I often hear or see hikers post questions asking for help in reducing “chafing” when walking. I never have this problem when hiking, but I did have a “chafing” problem for a period of about a month when I was in my 30’s. What I learned may be of help to others.
Note: I am not a doctor or medical professional so this is anecdotal and based only on my experience.
While working as an automotive technician in Palm Springs, CA, one August we had an unusual series of tropical storms originating in Baja, Mexico. Every day the weather forecast called for highs in the 115F – 118F range with a 90% chance of afternoon thundershowers. This went on for 3 or 4 weeks. As you can imagine, working in an open air service bay was not fun. After a couple of days I developed a pain rash in the area of my thighs and groin. Washing at night and using talcum powder did little to help. Finally I went to a drug store to buy something to help. The pharmacist was very helpful. He explained that I had “jock itch” and that is was a fungal infection. He further said that the presence of fungi is not unusual, but with the right combination of moisture, warmth, and time the fungi causes an infection. The hot moist air, and me sweating constantly was promoting the fungal growth and infection. He also explained that people who are overweight get a similar rash, but it is more from skin rubbing on skin and against clothing – he called this chafing. Both result in similar results and pain. With either problem, loose clothing is best, especially fabrics that wick moisture away from the skin. Skin-tight shorts that wick under loose clothing often helps.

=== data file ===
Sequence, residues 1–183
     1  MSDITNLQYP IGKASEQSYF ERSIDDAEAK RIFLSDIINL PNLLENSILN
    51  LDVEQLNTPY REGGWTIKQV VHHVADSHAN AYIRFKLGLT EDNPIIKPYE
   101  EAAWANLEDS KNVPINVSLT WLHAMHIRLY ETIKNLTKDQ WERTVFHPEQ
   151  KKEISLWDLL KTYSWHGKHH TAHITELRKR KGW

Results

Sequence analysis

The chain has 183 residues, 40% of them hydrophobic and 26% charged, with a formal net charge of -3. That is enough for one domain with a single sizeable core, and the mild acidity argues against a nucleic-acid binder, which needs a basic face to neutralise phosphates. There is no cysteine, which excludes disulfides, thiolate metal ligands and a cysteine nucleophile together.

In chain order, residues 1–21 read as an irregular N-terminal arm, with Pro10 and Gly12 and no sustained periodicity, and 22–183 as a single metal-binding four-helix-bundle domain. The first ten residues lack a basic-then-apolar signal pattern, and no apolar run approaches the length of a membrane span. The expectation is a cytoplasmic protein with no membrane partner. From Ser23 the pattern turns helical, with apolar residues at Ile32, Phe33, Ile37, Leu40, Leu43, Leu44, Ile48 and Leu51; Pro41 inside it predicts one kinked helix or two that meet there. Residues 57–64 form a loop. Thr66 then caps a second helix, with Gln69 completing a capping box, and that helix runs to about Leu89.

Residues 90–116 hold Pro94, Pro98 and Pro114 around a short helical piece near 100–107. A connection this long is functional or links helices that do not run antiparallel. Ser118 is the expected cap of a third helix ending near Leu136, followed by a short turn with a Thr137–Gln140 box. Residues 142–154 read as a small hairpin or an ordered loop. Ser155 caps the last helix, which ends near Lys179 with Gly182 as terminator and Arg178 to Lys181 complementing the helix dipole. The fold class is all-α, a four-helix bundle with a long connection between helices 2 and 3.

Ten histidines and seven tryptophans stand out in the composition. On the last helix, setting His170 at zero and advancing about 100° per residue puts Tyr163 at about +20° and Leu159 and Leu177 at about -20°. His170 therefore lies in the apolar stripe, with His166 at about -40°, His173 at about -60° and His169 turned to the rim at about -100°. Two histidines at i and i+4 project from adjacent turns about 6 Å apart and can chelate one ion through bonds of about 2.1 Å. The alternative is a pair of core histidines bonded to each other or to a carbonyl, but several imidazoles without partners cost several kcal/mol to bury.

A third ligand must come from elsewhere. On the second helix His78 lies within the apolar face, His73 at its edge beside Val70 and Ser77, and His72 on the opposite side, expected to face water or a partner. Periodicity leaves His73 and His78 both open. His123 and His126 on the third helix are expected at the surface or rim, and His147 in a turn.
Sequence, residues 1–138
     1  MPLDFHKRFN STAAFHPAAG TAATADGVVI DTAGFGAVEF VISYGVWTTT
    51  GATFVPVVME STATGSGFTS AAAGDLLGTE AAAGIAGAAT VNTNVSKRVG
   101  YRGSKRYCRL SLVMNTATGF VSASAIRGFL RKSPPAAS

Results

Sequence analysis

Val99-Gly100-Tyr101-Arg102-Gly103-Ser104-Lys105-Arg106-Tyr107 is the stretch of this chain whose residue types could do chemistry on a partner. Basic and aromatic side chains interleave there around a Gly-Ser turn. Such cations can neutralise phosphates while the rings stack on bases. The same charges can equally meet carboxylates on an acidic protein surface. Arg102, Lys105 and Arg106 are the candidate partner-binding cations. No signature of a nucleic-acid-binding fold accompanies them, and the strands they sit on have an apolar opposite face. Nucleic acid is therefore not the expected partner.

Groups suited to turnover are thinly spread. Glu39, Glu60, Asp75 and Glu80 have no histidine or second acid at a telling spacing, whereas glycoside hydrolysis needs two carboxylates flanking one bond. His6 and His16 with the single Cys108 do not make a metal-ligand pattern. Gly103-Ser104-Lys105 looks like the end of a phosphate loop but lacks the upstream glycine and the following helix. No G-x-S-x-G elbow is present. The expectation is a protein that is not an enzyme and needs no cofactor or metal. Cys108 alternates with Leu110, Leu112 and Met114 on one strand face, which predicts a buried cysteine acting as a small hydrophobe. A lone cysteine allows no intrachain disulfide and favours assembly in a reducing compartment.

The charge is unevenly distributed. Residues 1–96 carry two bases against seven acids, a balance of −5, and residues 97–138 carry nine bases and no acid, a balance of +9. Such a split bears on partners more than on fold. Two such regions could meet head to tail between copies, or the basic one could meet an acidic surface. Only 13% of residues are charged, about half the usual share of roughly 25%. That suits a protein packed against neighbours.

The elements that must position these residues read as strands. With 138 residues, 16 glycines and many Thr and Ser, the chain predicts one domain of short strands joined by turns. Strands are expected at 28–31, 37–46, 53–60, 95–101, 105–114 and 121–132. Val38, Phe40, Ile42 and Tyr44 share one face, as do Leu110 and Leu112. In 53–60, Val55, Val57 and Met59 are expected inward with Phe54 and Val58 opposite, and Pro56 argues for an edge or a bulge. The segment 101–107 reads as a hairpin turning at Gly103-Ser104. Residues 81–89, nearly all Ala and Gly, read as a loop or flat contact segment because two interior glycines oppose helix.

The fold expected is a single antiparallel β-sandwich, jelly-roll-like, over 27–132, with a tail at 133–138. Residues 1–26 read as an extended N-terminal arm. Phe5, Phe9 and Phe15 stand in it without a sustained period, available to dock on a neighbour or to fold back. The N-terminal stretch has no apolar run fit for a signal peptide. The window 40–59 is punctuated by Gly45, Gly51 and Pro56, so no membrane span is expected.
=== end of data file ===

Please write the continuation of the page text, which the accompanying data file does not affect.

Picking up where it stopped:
He suggested that I buy an off-the-shelf anti-fungal spray, after work each day shower and carefully dry all areas completely, and apply the spray. And it worked. Each morning the rash was gone and I felt as good as new. I would get a little discomfort towards the end of each day, but repeating the process daily made life bearable. And when the humidity decreased, the problem went away.
Chafing happens when the skin rubs against skin or clothing and there is a lot of perspiration or moisture in the affected area. Applying a lubricant such as Body Glide or similar along with a wicking base layer helps most people. If you are overweight, fix that problem first so your thighs or buttocks don’t rub against each other.
One problem backpackers have is keeping these hinter areas clean. Whenever possible a good daily (minimum) washing and drying is necessary. Since I am rather skinny chafing is never a problem. Hiking in hot, humid weather can be problematic. For this kind of weather, when I must wear long pants, I wear a pair of Ex-Officio Give-N-Go Boxer Briefs along with a pair of Rail Riders Eco-Mesh Pants. The briefs wick away moisture and the mesh panels on the pants keep things ventilated, plus the pants have a generous cut and loose fit. Mostly I wear shorts when hiking. My favorites are Patagonia Baggies, which come with a brief liner and pockets to carry stuff. I cut out the liner so there is plenty of ventilation. When I don’t need pockets in my shorts, I wear Patagonia Field Shorts. Loose and plenty of ventilation with both of these shorts. Colin Fletcher’s Second Law of Thermodynamic Walking explains how this works.
Second Law of Thermodynamic Walking – “Give your balls some air.”
– Colin Fletcher, The Complete Walker
Except the one time I experienced jock itch as an automotive technician I have never had a problem with chafing or fungal infection. And I don’t need to wash the hinterland daily when backpacking.